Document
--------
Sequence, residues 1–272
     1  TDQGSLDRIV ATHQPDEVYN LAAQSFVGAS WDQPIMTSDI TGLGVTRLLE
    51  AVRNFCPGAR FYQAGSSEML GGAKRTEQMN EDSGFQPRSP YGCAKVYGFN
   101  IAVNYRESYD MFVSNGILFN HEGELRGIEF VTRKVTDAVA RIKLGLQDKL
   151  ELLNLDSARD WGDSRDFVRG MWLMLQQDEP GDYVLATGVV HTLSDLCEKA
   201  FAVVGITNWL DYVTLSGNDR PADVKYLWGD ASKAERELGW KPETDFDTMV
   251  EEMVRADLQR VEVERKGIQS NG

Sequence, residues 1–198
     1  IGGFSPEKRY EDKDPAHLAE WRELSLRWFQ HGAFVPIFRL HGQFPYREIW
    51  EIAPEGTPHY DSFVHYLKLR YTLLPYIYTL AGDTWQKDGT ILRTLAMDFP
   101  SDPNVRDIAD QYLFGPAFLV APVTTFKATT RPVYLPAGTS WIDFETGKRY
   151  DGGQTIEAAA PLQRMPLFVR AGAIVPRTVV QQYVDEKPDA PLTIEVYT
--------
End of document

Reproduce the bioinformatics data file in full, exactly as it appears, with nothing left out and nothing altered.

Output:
Sequence, residues 1–272
     1  TDQGSLDRIV ATHQPDEVYN LAAQSFVGAS WDQPIMTSDI TGLGVTRLLE
    51  AVRNFCPGAR FYQAGSSEML GGAKRTEQMN EDSGFQPRSP YGCAKVYGFN
   101  IAVNYRESYD MFVSNGILFN HEGELRGIEF VTRKVTDAVA RIKLGLQDKL
   151  ELLNLDSARD WGDSRDFVRG MWLMLQQDEP GDYVLATGVV HTLSDLCEKA
   201  FAVVGITNWL DYVTLSGNDR PADVKYLWGD ASKAERELGW KPETDFDTMV
   251  EEMVRADLQR VEVERKGIQS NG

Sequence, residues 1–198
     1  IGGFSPEKRY EDKDPAHLAE WRELSLRWFQ HGAFVPIFRL HGQFPYREIW
    51  EIAPEGTPHY DSFVHYLKLR YTLLPYIYTL AGDTWQKDGT ILRTLAMDFP
   101  SDPNVRDIAD QYLFGPAFLV APVTTFKATT RPVYLPAGTS WIDFETGKRY
   151  DGGQTIEAAA PLQRMPLFVR AGAIVPRTVV QQYVDEKPDA PLTIEVYT